Spiniello began removing the existing coal tar lining in the pipe via hydro-jet cleaning and water recycling processes, only to find out that the coal tar enamel residue mixed with water was much more than anticipated. This significantly taxed the water filtering and recycling system. The hope had been that once removed, the coal tar enamel would be heavier than water and settle at the bottom of the recycling “frac” tanks, but this was not the case. The water recycling system was therefore modified to account for these existing parameters. After pipe cleaning, butt straps were fitted up and welded at all of the joints. A new cement-mortar liner was then applied, and the rehabilitated pipe was chlorinated and placed back into service.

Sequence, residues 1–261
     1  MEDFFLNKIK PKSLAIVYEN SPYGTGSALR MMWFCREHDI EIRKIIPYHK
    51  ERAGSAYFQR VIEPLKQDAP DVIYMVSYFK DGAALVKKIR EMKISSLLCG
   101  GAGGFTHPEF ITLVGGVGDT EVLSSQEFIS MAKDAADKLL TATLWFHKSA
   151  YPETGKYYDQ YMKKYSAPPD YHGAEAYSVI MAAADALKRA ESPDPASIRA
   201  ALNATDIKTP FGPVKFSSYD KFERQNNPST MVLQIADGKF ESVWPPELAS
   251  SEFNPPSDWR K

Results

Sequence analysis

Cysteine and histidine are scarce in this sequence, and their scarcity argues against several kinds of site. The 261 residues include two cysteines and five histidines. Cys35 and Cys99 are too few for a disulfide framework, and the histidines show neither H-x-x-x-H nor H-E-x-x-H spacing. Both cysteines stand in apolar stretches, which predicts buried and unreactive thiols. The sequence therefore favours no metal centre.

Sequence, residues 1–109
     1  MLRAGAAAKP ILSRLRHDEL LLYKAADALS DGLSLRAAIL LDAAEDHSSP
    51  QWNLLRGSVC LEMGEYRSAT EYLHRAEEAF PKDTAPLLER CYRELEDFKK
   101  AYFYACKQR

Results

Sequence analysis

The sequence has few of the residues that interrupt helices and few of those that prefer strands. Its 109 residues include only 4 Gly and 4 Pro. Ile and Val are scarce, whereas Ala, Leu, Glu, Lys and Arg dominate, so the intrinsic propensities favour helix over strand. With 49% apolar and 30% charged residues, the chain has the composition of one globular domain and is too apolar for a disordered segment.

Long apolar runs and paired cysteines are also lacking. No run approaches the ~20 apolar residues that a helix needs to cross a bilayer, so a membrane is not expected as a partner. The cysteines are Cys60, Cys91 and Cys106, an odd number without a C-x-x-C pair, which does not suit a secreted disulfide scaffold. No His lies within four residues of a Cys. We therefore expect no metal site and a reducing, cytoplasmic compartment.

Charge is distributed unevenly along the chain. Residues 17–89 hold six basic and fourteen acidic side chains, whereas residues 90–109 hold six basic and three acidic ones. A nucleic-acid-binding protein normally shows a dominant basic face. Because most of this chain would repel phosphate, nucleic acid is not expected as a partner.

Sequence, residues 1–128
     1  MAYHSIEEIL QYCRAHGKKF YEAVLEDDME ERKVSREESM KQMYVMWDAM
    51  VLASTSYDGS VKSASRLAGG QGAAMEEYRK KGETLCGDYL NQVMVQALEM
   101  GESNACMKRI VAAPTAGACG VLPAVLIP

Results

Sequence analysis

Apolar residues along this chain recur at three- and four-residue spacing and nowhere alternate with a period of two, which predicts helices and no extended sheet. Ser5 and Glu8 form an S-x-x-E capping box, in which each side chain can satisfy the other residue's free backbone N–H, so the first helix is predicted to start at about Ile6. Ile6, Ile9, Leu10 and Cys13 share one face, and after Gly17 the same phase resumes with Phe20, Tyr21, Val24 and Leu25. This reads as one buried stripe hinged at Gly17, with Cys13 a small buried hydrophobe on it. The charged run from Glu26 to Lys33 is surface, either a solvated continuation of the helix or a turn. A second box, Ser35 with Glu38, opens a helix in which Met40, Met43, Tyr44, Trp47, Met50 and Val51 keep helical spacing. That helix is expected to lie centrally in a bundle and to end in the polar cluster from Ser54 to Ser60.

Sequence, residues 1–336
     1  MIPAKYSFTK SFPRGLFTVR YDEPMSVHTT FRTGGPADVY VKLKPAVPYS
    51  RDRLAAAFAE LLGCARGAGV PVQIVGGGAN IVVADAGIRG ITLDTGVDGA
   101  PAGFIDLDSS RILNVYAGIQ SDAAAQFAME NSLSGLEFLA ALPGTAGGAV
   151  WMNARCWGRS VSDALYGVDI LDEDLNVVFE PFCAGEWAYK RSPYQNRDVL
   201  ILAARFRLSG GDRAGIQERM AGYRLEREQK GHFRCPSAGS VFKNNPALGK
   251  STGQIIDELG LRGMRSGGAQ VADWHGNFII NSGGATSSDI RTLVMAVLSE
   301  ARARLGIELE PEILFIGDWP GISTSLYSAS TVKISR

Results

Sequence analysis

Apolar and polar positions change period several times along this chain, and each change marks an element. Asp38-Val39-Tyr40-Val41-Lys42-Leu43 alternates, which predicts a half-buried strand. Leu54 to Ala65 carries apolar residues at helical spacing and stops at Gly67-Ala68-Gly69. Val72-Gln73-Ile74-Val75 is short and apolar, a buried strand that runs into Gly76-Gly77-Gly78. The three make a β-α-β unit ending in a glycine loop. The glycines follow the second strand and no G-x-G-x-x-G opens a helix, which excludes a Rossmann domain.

This project consisted of eight pit excavations in depths up to 8 ft to access the pipeline. These excavations mostly preceded the first shutdown, which removed water and isolated the pipe from other reaches of the Orange County Feeder Extension pipeline. Once rehabilitation was complete, the second shutdown reintroduced water in the pipe immediately after chlorination, and the various manholes and structures were constructed, followed and completed by extensive street restoration.